Aluminum melt flux cleaning process can be combined with rotary gas purging. In this process, the best degassing, oxide removal and slag reception with low aluminum content are ensured.
In the absence of aluminum melt flux, this rotary treatment is less effective for the removal of oxides and results in the formation of slag with high aluminum content.
When aluminum solidifies, the solubility of atomic hydrogen in it decreases sharply. As a result, the hydrogen atoms in the molecule are bound to the hardened metal bubbles.
Water in the atmosphere reacts with molten aluminum to form an oxide film and form hydrogen atoms between aluminum atoms. The oxides not only remain on the surface, some of them fall into the melt, and some of them have hydrogen bubbles as the temperature drops.
During casting, the oxide film on the surface of aluminum is. Some oxides fall into the melt. These oxides can be in the form of films with very high length and width to thickness ratios. Some of these films may contain aluminum inside water droplets.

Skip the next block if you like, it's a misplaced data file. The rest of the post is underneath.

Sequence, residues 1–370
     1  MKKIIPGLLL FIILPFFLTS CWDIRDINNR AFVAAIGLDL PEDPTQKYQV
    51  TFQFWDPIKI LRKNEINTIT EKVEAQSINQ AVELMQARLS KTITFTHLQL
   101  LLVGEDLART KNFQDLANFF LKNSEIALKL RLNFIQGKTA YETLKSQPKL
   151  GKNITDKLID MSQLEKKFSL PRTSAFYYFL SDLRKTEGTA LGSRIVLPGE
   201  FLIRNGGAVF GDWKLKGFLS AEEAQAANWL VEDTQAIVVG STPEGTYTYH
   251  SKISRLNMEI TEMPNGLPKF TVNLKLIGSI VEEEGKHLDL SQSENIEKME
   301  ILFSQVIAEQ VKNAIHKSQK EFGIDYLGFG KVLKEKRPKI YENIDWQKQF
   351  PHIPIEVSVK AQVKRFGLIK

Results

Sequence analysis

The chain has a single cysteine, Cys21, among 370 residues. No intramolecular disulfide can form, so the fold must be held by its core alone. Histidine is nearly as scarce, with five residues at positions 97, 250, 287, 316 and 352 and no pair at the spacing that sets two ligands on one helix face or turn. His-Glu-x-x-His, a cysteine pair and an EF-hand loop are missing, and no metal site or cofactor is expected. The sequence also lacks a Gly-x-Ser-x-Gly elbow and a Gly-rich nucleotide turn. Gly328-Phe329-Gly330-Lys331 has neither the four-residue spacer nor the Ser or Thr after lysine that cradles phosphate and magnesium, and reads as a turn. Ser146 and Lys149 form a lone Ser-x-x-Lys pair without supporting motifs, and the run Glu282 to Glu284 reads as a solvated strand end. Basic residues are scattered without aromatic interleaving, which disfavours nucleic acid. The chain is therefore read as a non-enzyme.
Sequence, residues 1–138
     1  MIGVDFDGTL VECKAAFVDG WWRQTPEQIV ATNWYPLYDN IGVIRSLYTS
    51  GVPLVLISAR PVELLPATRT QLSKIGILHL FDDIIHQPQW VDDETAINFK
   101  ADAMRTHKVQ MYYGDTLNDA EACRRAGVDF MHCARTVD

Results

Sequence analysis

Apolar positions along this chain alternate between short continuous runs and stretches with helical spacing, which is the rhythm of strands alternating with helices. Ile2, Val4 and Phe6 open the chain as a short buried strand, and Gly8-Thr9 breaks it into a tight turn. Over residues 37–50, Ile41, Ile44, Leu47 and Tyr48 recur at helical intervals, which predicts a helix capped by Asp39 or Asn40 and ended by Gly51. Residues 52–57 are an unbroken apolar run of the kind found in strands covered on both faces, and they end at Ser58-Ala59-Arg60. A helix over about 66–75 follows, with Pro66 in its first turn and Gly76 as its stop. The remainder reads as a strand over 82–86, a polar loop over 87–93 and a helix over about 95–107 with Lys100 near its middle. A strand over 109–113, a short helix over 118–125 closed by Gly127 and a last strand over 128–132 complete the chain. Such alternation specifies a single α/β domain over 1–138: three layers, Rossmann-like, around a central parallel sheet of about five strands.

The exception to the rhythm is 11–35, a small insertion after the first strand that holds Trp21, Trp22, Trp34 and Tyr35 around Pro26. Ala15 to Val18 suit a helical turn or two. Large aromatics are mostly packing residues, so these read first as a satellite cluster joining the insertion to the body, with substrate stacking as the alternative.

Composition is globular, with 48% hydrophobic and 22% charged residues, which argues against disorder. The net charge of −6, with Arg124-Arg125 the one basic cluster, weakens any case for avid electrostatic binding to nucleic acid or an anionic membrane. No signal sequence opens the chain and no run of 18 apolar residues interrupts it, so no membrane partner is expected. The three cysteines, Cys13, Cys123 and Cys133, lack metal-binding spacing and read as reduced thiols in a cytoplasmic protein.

Isolated hydrogen blistering occurs on the internal defects in the melt and lattice of aluminum. Therefore, oxides act as bubble nuclei.
Aluminum Melt Flux Cleaning Process
It can be removed by treating the flux in molten aluminum. Fluoride based fluxes can bind oxides. The interfacial tension between metal oxides is significantly higher than that between oxides and fluoride. The fluoride and oxide then form a mixed phase because the low-energy states of the fluoride and oxide “stick” to the oxide and cover them, and aluminum is separated from the mixed phase of these oxides.
Aluminum melt fluxes containing fluoride are injected into the melt and fully mixed. The flux encapsulates oxides and fluorides, and then forms a mixed oxide phase. This leads to disintegration into individual oxide blocks. These debris oxide mixtures have the ability to float because their density is much lower than that of molten aluminum. This results in slag with low metal content. Note that the density of pure oxides is almost equal to the density of the melt, so they have little chance to appear.